Yeah, well, I think I think the best example of this was we were in a company called doubledutch was one of the first mobile only CRM systems, we invest in the company and a half million in revenue, it, you know, got big time investors made it the 35 million in revenue. But ultimately, the product market fit wasn’t even at 35 million in revenue. The product market fit was really not there. And as I think, you know, Nick, those are the hardest companies to deal with, where you just, it’s painful, because you kind of feel like you did all the stuff on the checklist. And it just didn’t work. And and doubledutch, I think is our poster child for that where ultimately, they had a direct sale for a couple million dollars after having raised a big amount. And they just never really had the product market fit. The product was a little too bespoke for each of its customers. And it just didn’t work. And those are tough. And by the way, most of our failure mode, and bullpen is like that. It’s boring. Sometimes you get asked Tell me about a Tell me a great story about what didn’t work. And like they’re all boring. It’s like, the company got there. And the product market fit wasn’t so good. Or we hired the wrong salesperson like sorry, the the stories aren’t really all that fun. I mean, I can tell you about the time someone tried to throw me in jail for running an illegal gambling operation at Bandol. That’s a fun story. But But, uh, the ones that didn’t work are really boring, huh?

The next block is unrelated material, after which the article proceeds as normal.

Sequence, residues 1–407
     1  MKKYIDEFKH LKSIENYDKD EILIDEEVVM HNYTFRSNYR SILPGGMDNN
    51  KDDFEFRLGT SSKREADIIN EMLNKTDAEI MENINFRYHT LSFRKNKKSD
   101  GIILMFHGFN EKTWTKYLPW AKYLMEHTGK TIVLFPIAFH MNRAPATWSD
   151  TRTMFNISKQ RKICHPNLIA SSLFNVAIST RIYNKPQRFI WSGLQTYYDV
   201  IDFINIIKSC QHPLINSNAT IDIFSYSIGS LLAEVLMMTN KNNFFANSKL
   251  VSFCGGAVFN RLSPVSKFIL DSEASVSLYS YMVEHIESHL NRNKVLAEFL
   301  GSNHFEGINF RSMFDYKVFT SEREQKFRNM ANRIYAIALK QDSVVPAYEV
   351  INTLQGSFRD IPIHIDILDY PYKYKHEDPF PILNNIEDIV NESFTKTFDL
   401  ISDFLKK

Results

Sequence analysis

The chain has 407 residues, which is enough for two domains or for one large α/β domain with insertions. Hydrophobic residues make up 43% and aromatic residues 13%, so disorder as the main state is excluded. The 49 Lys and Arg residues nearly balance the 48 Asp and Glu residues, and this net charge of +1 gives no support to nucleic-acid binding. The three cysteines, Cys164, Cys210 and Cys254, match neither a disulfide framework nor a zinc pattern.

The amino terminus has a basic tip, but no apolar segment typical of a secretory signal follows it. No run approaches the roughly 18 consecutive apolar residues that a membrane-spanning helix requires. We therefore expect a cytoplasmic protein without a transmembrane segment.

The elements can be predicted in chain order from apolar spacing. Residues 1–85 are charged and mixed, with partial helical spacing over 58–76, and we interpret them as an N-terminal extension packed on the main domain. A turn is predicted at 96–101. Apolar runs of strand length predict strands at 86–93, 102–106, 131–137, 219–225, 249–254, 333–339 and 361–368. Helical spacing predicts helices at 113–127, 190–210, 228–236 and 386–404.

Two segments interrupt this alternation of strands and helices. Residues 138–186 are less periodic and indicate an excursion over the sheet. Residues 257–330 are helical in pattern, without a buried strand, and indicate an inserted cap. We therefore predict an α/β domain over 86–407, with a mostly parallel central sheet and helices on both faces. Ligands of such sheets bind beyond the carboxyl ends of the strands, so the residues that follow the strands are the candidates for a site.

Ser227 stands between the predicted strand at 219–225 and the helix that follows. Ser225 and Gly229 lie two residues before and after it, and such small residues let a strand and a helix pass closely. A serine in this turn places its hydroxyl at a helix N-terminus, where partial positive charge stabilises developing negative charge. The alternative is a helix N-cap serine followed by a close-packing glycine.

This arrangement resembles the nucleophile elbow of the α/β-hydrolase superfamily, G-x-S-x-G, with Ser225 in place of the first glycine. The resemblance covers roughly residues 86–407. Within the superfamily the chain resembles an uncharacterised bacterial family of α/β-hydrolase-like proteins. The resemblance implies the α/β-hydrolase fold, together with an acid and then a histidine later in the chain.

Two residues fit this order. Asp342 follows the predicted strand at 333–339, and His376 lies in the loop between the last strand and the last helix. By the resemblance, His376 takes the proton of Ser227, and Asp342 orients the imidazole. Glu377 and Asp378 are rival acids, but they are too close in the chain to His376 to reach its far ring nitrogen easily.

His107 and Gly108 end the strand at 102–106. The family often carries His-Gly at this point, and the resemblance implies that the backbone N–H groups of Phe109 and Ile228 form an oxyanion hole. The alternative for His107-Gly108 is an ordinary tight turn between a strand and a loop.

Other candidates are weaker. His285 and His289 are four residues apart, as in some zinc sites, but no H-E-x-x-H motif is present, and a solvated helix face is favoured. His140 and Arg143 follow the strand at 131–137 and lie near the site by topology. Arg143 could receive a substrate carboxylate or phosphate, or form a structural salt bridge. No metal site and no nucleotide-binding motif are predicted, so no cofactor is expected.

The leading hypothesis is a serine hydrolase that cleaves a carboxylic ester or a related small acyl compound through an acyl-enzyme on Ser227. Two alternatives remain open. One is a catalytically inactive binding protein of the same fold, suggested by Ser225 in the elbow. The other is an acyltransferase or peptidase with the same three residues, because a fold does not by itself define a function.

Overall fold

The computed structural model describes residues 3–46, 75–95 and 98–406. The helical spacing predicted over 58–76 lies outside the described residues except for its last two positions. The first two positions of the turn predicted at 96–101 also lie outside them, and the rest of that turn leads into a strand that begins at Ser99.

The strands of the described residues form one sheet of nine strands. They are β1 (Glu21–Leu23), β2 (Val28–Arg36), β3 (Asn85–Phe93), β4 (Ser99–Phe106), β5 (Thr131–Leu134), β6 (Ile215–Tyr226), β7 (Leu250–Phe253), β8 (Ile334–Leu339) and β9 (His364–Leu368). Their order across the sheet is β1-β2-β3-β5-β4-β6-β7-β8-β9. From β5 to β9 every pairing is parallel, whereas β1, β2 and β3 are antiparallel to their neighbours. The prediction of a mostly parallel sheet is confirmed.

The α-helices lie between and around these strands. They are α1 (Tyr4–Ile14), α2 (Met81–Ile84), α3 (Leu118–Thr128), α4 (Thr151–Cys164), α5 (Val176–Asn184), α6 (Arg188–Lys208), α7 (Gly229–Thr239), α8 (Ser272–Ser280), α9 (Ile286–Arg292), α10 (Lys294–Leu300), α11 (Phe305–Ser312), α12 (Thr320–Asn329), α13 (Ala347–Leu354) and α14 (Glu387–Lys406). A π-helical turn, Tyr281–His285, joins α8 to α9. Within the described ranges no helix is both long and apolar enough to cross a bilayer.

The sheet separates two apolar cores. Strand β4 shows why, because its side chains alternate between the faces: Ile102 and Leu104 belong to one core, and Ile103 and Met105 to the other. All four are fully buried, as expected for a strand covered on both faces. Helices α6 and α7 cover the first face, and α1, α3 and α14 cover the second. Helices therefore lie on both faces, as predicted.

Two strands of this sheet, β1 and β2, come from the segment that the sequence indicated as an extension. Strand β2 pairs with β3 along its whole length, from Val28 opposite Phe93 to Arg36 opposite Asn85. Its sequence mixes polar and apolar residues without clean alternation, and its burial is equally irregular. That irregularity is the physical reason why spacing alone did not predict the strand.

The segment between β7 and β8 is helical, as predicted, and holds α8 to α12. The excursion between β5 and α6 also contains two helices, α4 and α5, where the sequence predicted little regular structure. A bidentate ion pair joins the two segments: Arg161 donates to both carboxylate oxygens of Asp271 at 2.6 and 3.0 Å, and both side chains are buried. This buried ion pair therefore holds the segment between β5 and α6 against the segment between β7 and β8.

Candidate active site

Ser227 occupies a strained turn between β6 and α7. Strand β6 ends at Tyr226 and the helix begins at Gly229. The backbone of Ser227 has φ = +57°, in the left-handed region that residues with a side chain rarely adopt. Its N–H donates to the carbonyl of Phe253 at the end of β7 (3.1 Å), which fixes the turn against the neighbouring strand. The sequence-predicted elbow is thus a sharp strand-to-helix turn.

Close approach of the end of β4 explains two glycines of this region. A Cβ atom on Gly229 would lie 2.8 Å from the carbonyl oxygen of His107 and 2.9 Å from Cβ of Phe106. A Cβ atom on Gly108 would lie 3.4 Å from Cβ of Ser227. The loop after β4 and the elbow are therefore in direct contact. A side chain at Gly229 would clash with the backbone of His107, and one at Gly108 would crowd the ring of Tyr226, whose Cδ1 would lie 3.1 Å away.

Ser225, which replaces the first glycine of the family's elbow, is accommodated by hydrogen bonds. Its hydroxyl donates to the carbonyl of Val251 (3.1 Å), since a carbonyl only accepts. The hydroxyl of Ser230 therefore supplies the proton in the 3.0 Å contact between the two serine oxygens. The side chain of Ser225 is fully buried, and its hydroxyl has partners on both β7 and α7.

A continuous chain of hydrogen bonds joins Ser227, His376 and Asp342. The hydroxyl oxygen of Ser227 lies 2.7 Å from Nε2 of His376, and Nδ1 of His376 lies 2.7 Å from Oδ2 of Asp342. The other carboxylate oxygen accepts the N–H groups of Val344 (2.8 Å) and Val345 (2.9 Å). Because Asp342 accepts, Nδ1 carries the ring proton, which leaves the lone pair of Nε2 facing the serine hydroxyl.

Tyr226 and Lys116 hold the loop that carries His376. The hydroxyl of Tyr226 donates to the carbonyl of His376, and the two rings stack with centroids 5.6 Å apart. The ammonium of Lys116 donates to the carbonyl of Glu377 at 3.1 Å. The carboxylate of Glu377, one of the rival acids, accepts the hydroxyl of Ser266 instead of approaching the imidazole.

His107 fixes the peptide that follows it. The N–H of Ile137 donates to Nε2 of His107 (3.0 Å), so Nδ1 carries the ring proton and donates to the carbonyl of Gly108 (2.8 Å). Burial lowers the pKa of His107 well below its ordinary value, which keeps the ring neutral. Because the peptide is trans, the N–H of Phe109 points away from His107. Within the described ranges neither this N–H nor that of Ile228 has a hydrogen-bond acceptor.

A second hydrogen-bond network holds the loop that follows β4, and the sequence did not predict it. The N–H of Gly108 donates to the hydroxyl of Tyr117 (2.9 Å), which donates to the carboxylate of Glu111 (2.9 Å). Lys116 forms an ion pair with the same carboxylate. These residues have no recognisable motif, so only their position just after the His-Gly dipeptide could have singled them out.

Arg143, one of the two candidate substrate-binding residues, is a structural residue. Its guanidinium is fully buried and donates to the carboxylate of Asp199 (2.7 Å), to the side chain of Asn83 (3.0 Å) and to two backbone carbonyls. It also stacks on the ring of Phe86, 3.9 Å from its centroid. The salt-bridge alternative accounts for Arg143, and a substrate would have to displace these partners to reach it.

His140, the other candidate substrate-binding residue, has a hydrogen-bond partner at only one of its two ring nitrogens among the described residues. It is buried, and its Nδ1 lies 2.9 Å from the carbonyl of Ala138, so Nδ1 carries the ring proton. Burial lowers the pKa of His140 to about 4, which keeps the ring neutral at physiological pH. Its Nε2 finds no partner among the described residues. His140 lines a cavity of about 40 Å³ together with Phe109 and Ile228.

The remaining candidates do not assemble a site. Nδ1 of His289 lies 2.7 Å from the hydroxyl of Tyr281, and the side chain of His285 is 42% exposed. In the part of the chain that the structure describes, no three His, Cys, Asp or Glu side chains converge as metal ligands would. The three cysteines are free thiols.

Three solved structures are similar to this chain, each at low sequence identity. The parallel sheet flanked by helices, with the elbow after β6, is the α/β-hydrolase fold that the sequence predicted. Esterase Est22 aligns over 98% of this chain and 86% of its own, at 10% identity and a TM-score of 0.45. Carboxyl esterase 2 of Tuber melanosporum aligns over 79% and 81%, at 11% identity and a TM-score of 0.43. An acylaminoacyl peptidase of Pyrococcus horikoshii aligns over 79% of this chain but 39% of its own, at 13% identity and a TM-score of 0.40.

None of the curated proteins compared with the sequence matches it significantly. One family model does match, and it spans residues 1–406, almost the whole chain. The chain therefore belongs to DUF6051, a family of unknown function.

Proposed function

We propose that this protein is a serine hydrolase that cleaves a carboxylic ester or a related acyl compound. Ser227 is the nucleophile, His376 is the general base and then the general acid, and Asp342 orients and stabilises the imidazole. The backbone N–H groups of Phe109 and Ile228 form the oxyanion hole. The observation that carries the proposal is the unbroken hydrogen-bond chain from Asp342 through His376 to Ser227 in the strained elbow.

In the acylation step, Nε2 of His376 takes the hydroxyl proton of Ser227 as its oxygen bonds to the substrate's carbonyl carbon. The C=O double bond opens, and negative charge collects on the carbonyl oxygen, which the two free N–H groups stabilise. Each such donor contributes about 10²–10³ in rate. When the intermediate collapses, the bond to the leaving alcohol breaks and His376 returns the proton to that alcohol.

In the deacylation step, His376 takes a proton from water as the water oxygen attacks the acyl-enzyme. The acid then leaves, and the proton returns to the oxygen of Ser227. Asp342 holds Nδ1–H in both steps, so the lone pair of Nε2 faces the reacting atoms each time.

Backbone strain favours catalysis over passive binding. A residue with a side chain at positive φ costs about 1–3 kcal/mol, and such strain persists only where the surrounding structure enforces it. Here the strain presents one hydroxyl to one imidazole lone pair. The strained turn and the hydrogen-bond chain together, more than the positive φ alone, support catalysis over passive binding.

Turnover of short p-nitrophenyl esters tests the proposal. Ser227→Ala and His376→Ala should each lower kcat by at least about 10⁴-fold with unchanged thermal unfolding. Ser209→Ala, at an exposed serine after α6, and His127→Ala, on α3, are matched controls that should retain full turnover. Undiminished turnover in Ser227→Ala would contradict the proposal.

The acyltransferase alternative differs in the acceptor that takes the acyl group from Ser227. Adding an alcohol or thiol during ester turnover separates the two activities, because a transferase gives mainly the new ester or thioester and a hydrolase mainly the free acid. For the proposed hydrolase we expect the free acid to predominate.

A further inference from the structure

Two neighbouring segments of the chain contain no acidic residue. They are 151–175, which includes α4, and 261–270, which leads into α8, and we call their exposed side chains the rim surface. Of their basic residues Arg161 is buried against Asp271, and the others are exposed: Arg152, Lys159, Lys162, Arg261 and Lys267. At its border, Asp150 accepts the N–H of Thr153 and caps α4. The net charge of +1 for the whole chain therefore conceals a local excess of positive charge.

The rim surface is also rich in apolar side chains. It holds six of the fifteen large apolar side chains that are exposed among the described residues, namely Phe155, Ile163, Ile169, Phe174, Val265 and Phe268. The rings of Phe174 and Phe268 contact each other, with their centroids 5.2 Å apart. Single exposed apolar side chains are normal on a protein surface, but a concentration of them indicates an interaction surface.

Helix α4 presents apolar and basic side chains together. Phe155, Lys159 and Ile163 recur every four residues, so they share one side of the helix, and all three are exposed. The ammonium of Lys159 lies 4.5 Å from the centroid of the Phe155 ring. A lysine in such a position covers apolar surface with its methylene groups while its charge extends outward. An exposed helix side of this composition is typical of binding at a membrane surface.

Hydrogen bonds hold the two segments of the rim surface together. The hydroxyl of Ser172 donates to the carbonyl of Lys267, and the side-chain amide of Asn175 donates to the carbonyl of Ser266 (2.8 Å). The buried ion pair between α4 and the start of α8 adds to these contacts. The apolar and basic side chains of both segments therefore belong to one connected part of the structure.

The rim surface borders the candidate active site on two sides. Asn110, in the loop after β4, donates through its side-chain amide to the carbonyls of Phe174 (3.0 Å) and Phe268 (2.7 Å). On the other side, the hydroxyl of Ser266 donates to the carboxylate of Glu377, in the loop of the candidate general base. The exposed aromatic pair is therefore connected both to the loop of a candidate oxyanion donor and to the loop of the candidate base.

Yeah, you know, here at our firm we think about because we invest in companies all across the country that aren’t in the bay or in New York City, right? or, in some cases, the founder profiles aren’t quite central casting and, and maybe the business is a little off center. So it’s not pure software. And we think a lot about what do these founders lack, you know, being based in, let’s say, Omaha, that they have being based in the valley? I’d be curious to hear from you, you know, what can you help with most besides just from coaching and advising, but what, what can you help with most for some of these, these founders that don’t have all the advantages that founders, you know, within a stone’s throw of 15 other founders and every venture firm do have in the valley?